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Shelton leaves CL&W board with pride

 

David Shelton

David Shelton

 

 

Nathan Gregory

 

David Shelton's 15-year run on the Columbus Light and Water Board of Directors is all but over, but the city utility provider is better off financially now than it was before he began serving.  

 

To him, helping CL&W reach that stability is the most important thing he did during his tenure, which officially ends at the end of this month. 

 

With the recent change in the board's configuration -- the Columbus City Council chose not to re-appoint Shelton for another term, replacing him with 1st Franklin Financial branch manager Micheal Tate -- comes another set of challenges: The loss of revenue from industrial customers including Omnova Solutions and KiOR. 

 

Those industries, among other high-demand customers, used a lot of energy and in turn, paid a lot of money to CL&W. With that revenue no longer there, the board will have to find the balance between generating enough revenue to pay Tennessee Valley Authority for its supply while keeping residential customer rates where they are now, all while generating enough profit to keep in reserve for emergencies. 

 

If the current board maintains a business mentality, Shelton said, it will be able to achieve that balance. 

 

At the beginning of its 2000-01 fiscal year, CL&W had $1,863,000 in cash from electric revenue. At the end of that year, it had $2,570,000. Now it has more than $10 million. 

 

"The biggest challenge (after becoming a board member) was getting money together to do things," Shelton said. "We didn't have any money. We borrowed it all. You can borrow, but you can't borrow yourself out of business. We've tightened our belts, watched what we were doing and ran it like a business. We've had some problems, but you tell me a $60 million company that doesn't have a problem." 

 

One regret Shelton has was that the purchase of sludge disposal land for the city did not materialize. In a controversial 3-2 vote in 2010, CL&W board members agreed to purchase 118 acres of sludge disposal land from local developer Russell Sheffield for $996,000 over another 115-acre property that would have cost half that amount. 

 

The reason stated at the time for purchasing Sheffield's land was that the only clearance it needed before it was ready for use was a permit from the Mississippi Department of Environmental Quality, while the other bid included land where trees needed to be cleared and hydric soil deposits existed, which CL&W General Manager Todd Gale said might indicate wetlands.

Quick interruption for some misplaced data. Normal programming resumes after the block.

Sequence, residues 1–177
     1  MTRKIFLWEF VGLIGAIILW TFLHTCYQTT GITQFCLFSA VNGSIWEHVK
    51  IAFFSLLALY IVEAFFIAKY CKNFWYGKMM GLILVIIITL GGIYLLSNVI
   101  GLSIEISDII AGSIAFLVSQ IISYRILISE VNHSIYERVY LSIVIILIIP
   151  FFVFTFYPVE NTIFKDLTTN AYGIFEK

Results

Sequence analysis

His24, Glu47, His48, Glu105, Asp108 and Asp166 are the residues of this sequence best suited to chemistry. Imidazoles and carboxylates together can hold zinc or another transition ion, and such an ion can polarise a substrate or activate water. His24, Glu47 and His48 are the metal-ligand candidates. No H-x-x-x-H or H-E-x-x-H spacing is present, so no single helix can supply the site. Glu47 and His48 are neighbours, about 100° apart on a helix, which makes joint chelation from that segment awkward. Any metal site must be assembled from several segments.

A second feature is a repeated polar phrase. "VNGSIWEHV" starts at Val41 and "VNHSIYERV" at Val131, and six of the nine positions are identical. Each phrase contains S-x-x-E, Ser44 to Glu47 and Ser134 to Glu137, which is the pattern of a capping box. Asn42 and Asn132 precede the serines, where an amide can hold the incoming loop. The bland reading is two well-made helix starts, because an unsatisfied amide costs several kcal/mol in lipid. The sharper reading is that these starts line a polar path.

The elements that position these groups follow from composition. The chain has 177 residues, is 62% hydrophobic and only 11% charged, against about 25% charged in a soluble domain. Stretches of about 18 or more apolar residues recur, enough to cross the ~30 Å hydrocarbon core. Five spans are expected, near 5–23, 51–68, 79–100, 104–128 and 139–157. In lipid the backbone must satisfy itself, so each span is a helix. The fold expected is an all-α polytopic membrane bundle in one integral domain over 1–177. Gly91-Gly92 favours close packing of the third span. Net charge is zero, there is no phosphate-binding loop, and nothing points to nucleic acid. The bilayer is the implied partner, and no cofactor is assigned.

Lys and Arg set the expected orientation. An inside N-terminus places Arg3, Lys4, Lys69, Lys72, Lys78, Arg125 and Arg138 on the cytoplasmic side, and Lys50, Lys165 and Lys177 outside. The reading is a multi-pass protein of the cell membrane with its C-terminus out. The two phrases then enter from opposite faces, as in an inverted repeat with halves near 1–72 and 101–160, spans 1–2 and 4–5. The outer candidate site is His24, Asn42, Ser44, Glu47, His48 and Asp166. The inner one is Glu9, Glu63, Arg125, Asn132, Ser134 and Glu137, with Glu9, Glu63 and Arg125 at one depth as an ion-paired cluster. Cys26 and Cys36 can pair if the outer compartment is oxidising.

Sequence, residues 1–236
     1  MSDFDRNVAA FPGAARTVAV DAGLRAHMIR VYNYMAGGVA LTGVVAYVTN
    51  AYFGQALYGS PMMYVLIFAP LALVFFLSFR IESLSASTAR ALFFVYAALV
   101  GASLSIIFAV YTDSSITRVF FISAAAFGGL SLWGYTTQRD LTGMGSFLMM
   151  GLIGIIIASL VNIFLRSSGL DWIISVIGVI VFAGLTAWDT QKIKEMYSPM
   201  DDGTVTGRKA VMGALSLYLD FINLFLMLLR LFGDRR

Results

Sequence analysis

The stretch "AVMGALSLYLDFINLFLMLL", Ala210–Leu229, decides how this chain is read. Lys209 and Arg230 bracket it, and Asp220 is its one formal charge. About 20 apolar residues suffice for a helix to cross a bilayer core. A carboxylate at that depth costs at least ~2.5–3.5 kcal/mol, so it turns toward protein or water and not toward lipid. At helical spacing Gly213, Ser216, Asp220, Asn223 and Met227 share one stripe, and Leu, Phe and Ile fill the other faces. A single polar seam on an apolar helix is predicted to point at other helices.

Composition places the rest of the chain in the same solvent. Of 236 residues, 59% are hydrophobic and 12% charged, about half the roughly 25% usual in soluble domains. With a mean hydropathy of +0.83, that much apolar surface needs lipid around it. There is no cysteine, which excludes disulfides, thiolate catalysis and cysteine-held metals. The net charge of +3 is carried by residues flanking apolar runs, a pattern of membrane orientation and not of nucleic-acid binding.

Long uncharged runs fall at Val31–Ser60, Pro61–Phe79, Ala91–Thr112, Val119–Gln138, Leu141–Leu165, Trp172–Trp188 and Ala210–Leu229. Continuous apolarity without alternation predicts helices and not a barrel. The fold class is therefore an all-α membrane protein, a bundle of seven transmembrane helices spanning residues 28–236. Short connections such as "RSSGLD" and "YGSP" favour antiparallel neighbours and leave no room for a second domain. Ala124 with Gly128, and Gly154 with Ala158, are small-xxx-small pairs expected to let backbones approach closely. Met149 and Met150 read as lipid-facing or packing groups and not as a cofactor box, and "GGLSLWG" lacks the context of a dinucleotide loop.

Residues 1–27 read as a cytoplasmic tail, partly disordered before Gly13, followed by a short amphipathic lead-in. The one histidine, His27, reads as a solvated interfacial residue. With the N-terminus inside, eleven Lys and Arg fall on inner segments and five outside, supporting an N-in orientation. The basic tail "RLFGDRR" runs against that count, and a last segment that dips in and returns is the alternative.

The board approved raising the levees at the lagoon where wastewater and iron oxide sludge are stored, giving themselves another 20 years to find a permanent site, but its deal with Sheffield for the land fell through after the contract expired. Questions were raised at the time about Sheffield's connection with board members, including Shelton. 

 

Shelton said his support for the purchase at the time had nothing to do with providing a favor for Sheffield, and the purchase would have been in the best interest of CL&W. 

 

"Since that time, we've spent over $600,000 (to store the sludge where it is now)," Shelton said. "We could have bought the piece of property for $1 million. Ten years from now, it's going to be done the same way. We'll spend $4 million and still not have anything. If we had gotten the piece of property, we could have gotten it approved by (MDEQ)." 

 

Still, Shelton said he believed the overall success of CL&W over the last 15 years was that it was operated like a business by businessmen. He said he applied what he learned in his past experiences as Lowndes County Chancery Clerk, owner of the now defunct Graham Tire Company and his other ventures with importing and exporting to putting CL&W in a better place financially and in a position where it could provide better customer service.  

 

"Columbus Light and Water is in the best shape and the best light and water department in the state of Mississippi, bar nothing," he said. "It's in the best shape environmentally of probably any of them in the state. I would think that's quite an accomplishment, not that I did it all, but I was part of it. We hired the right folks and got the right people. Today, if we had a sewer line bust, we've got the money to hire people to come in and do it."

 

Nathan Gregory covers city and county government for The Dispatch.

 

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